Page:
Time dilation is part of special relativity. As a traveler accelerates, he experiences a slowdown of time, so that in a round-trip to a distant star less time passes for himself than for those left on Earth. For acceleration over short periods of time, this effect is too small to measure, but if extended over several years, the effect can be dramatic, with the traveler seeing centuries of Earth time pass for each of his own years. For instance, if a traveler accelerates at the average gravitational acceleration at Earth's surface, he can travel to the Andromeda Galaxy and back and experience the passage of only 57 years, but those he left behind would be long gone, as would many generations of their descendants, because on Earth 4.5 million years will have passed. And how would this passing of the generations appear to our traveler? From the radio signals he receives from Earth, he would see time slow to a standstill on his out bound journey, seeing only the passage of a single year, but on his homeward journey, he would see the flow of Earth's history as a flood, with many days of Earth history blasting in with each second that passes on his spacecraft, sweeping away the world that he knew.

But does any of this impact astrophysics? It does, because the effects encountered by our traveler are also encountered within many astronomical phenomena, such as gamma-ray bursts, active galaxies, and cosmic rays. The world experienced by our travelers is the world close to a black hole. Time dilation and event horizons are a part of our astrophysical world.

Two pages are added to the “Special Relativity” survey path that discuss the effects of time dilation on an interstellar traveler. The first page discusses how acceleration and distance produce a large deviation of the traveler's elapsed time from Earth's elapsed time. The second page describes how Earth time appears to move to our traveler. Each page contains a live figure that illustrates the effect discussed in the page.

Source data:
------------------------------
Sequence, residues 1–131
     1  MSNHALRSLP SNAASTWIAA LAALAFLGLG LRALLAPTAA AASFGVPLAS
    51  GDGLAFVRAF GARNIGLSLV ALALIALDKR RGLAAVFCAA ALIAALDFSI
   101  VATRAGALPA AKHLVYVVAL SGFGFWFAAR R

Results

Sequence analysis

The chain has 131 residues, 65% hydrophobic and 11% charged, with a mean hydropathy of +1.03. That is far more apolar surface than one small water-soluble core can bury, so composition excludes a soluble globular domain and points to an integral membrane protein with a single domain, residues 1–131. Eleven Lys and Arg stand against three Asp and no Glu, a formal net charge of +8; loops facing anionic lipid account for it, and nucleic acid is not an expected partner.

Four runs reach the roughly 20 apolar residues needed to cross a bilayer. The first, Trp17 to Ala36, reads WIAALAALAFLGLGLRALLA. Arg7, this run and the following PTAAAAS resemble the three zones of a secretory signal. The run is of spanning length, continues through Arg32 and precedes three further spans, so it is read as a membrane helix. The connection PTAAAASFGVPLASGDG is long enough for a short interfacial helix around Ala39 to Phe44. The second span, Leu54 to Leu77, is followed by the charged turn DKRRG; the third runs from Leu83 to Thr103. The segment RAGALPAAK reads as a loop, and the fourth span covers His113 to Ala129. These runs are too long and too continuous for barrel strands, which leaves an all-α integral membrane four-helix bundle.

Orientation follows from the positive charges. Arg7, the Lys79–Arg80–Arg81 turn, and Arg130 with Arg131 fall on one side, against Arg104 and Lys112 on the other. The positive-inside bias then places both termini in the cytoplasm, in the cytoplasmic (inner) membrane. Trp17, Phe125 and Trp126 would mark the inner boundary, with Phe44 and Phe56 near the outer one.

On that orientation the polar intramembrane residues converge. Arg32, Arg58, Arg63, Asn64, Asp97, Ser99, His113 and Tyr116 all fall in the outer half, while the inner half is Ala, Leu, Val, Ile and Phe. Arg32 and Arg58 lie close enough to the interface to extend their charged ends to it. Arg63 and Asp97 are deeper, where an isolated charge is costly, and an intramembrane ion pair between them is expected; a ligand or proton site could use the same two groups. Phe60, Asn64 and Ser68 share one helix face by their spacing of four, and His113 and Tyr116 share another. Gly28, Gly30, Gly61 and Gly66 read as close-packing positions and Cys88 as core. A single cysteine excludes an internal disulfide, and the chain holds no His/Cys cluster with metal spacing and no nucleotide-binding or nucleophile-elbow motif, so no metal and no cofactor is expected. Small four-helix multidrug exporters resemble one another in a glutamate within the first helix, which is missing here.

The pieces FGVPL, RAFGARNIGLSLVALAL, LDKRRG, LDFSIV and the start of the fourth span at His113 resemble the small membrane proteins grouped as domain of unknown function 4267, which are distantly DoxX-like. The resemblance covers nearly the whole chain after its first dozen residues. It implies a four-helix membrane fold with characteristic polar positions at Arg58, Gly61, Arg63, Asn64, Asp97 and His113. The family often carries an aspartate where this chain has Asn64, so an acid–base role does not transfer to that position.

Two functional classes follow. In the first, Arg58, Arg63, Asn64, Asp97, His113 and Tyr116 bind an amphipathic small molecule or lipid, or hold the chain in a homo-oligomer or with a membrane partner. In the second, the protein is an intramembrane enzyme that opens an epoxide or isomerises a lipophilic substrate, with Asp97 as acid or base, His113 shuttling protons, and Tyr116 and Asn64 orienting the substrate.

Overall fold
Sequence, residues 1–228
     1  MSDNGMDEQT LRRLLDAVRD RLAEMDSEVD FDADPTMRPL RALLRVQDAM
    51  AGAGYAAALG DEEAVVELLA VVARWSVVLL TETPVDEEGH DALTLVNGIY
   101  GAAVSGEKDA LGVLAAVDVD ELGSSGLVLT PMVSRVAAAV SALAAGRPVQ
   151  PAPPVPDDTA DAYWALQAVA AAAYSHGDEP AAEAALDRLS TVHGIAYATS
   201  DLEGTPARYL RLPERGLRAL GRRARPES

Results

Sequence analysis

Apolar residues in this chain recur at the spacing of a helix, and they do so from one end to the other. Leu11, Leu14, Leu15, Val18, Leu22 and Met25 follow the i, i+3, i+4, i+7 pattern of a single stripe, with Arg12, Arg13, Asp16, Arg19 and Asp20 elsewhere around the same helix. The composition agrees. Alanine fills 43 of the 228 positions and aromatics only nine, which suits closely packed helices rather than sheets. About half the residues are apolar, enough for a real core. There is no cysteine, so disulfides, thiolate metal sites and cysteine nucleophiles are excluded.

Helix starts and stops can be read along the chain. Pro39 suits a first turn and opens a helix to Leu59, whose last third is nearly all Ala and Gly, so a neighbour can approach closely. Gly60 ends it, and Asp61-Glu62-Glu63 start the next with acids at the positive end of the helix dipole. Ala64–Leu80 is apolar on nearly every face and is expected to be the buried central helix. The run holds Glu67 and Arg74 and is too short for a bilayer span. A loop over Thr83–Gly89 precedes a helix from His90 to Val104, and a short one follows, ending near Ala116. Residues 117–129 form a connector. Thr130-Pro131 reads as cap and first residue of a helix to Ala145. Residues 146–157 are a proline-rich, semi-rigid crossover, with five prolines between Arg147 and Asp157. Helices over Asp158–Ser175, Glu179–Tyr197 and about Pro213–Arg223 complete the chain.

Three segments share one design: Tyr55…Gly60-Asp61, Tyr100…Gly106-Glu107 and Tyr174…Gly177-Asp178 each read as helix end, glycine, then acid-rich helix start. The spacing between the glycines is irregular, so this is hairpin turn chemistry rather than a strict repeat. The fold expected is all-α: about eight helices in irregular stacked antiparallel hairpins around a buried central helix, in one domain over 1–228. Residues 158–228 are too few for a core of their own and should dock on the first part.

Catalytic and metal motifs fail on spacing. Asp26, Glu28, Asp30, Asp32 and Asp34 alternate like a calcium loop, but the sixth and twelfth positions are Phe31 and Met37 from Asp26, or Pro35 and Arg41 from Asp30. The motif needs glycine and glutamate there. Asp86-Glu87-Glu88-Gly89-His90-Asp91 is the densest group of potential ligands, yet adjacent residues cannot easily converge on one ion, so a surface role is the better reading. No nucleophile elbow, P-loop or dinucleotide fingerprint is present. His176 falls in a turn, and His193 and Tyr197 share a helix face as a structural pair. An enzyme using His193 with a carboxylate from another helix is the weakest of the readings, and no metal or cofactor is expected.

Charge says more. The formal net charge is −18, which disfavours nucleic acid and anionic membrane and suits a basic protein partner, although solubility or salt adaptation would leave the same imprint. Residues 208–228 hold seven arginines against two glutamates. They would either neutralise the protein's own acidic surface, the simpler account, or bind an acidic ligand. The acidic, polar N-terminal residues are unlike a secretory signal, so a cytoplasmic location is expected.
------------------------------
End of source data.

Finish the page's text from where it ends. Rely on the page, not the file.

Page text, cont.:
The commentary this week examines the assertion that the universe is stranger than we can imagine. We theorists have no problem with strange phenomena; it's the complexity that gives us fits.

Jim Brainerd


Complex, Not Peculiar. Many claim that the universe is more peculiar than we can imagine, but it is our theories rather than the universe that are peculiar. It is the universe's complexity rather than its peculiarity that we find difficult to comprehend. (continue)


Travel to the Stars under Special Relativity. A spaceship that is accelerating at a constant rate can travel to the stars in what its passengers regard as a startlingly short time. Accelerating with the average gravitational acceleration at Earth's surface, our travelers can reach nearby galaxies and return to Earth in a human lifetime. The Earth they find, however, will have aged by millions of years. The reader can use the live figure on this page to learn how the rate of acceleration changes these results. (continue)

Earth's Time During Interstellar Travel. As an accelerating spacecraft travels to the stars, its passengers sees the passage of time on Earth slow to almost a stop as Earth falls through the spacecraft's event horizon. On the return trip, the passengers see Earth's days pass in seconds. The page includes a live figure that shows how time on Earth elapses with time on the spacecraft for user-selected distances and rates of acceleration. (continue)